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In Shakespeare's Twelfth Night, compare and contrast Sir Andrew Aguecheek and Malvolio.

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shiema21 | Student, Grade 11 | eNoter

Posted June 7, 2011 at 3:36 AM via web

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In Shakespeare's Twelfth Night, compare and contrast Sir Andrew Aguecheek and Malvolio.

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K.P.L. Hardison | College Teacher | eNotes Employee

Posted June 7, 2011 at 4:50 PM (Answer #1)

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In Twelfth Night Malvolio is the character who most represents the title of the play. Twelfth Night is a holiday celebrated in Shakespeare's day in England and many other countries, for example Russia. Twelve days after Christmas, it marks the end of the winter season. The Christianized form of the earlier Roman holiday for Saturn, Twelfth Night, like Saturnalia, features jokes and tricks, false beards, jackets turned inside-out and a King and Queen to rule the festival. One tradition in England's celebration  is that the King and Queen lead the festivities by requiring ludicrous behavior or behavior contrary to normal roles (Waverly Fitzgerald). Maria and Sir Toby might be likened to the Queen and King of Twelfth Night festivities as they make Malvolio perform ridiculous tasks and wear his clothing in ridiculous manners, thus enforcing Malvolio's representative role as the emblem of the title. Malvolio's character is pompous, too serious, arrogant, and vain, as a result, he is an antagonist to the other servants in Olivia's household. Olivia says of him:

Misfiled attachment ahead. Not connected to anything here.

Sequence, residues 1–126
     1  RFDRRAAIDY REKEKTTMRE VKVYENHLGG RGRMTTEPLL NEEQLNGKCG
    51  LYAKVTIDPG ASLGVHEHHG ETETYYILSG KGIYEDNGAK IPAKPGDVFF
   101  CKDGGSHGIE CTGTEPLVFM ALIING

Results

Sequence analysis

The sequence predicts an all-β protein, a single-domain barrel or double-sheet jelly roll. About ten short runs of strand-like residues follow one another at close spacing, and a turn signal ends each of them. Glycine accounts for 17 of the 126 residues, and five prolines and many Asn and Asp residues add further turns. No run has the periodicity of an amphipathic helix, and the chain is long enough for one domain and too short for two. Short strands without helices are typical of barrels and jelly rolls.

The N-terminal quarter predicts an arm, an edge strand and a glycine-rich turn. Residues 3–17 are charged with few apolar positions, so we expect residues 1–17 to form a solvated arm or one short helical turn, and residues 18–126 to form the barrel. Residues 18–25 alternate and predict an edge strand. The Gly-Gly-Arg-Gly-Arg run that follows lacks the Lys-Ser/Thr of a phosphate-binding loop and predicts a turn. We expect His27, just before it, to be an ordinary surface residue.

Oh, you are sick of self-love, Malvolio, and taste
with a distempered appetite.

Sir Andrew Aguecheek is a counterpart to Malvolio and as such is also representative of the title. Sir Andrew is proven to be ridiculous and foolish, perhaps also a little feeble minded as is shown when he insists on thinking "accost" is Maria's surname:

SIR ANDREW: Good Mistress Accost, I desire better acquaintance.

SIR TOBY: 'accost' is front her, board
her, woo her, assail her.

SIR ANDREW: Is that the meaning of 'accost'?

In the ridiculousness of their character traits, Malvolio and Sir Andrew are similar, but there is one very large difference between them. While both are naturally foolish in their own ways, only Malvolio is manipulated into extra foolishness, thus exemplifying the meaning of the title. Sir Andrew does however honor the meaning of the title by his capacity to drink and revel; he also spends money recklessly while trying rather pathetically to woo Olivia. In addition he suffers from self-pity since he says to Sir Toby: "I was adored once too."

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